When New Haven rang in the new year, the city’s last homicide — the shooting of Darryl McNair, 58, which came on the heels of three other homicides in August — was more than four months in the past.
“Our entire community rallied this year, in what I call peaceful retaliation against urban violence, and the results are undeniably positive,” Mayor Toni Harp said in her state of the city address Tuesday evening.
But on Jan. 23, 56-year-old Winnie Evans was killed in what investigators say was a fire intentional set in his apartment building.
Still, 2014 was an exceptional year in terms of crime in the Elm City. Homicides fell 40 percent from 2013 — from 20 to 12 — and non-fatal shootings fell by 9.1 percent. Overall, the crime rate dropped by 14.5 percent.
In her address Tuesday evening, Harp attributed the reduced crime to collaboration between different city departments, notably the New Haven Police Department and the Fire Department.
Harp singled out the Board of Alders in her address for helping provide funding and services that committed resources for 100 new sworn police personnel. Spokeperson for City Hall Laurence Grotheer added that NHPD Chief Dean Esserman, who reintroduced community policing to the Elm City, helped to combat a growing distrust between police and their communities. Esserman, who was selected last month to serve on a national advisory board, mandated that each NHPD officer engages in a “walking beat.” Each new officer is required to spend time walking around the city to get to know the area and its resident.
The contrast between the 2014 statistics and those of 2011, when Esserman took over as chief, is stark. In 2011, the city saw 34 homicides in what then-Mayor John DeStefano Jr. described in 2012 as “carnage.” The spike in homicides coincided with a 17-year high in the overall crime rate.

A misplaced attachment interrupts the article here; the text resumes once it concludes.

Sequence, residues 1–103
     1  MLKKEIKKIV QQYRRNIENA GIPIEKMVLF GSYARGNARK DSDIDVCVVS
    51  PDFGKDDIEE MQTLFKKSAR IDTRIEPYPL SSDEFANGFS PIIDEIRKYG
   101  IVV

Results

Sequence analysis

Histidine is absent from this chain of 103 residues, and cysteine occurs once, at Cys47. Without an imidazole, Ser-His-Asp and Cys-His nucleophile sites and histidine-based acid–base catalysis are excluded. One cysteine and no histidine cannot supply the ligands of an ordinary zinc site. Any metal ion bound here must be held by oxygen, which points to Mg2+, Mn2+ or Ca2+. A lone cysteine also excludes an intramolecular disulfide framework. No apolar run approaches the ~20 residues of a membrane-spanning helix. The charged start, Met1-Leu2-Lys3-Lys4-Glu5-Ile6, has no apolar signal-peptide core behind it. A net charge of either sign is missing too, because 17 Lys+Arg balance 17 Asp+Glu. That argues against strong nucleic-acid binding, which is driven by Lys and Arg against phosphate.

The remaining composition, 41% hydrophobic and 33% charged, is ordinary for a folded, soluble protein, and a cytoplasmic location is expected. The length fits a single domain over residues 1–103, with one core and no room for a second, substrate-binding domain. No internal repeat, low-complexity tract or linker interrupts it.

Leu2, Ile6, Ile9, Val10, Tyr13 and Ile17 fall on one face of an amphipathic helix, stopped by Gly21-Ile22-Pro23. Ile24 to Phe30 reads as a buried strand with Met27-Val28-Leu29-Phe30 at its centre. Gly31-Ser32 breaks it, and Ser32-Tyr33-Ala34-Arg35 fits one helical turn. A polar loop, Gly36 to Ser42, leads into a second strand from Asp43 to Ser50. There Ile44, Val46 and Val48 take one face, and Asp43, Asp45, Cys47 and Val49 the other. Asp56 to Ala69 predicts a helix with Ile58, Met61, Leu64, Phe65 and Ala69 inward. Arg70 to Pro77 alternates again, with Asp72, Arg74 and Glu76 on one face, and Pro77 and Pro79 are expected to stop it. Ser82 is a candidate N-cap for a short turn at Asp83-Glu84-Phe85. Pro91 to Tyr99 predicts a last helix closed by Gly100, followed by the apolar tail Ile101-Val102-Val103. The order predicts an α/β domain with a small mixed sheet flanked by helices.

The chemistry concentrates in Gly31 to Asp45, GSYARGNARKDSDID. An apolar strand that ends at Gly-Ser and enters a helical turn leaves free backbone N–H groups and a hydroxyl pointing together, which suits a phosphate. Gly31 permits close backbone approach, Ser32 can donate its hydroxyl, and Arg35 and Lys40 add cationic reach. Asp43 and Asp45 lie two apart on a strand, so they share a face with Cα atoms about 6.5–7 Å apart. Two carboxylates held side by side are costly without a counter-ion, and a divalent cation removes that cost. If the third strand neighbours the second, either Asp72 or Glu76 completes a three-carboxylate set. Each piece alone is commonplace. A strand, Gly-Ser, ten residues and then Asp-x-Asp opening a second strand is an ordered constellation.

“New Haven has embraced community-based policing, [so] any tension between police and the community is greatly reduced,” Grotheer said.
Ward 7 Alder Abigail Roth said she thought many factors had impacted the drop in crime. She pointed to the City Youth Stat program, which encourages collaboration between organizations — including the NHPD, social workers, firefighters and community agencies — in order to identify youths who may be at risk of entering a life of crime.
However, Roth added that efforts to enhance neighborhood block watches — groups of volunteers who oversee the safety of their neighborhoods — could further reduce crime in the city and reinforce community policing.
However, it is not just New Haven that is experiencing new lows in reported crime rates. According to an address by Gov. Dannel Malloy at the Yale Law School Tuesday night, 2014 saw the lowest crime rate in Connecticut in 48 years.
“Over the last four years, violent crime is down 36 percent and criminal arrests have decreased by nearly 28 percent,” a release from Malloy’s office said. “Violent crime in the state’s three largest cities has fallen 15 percent since 2008.”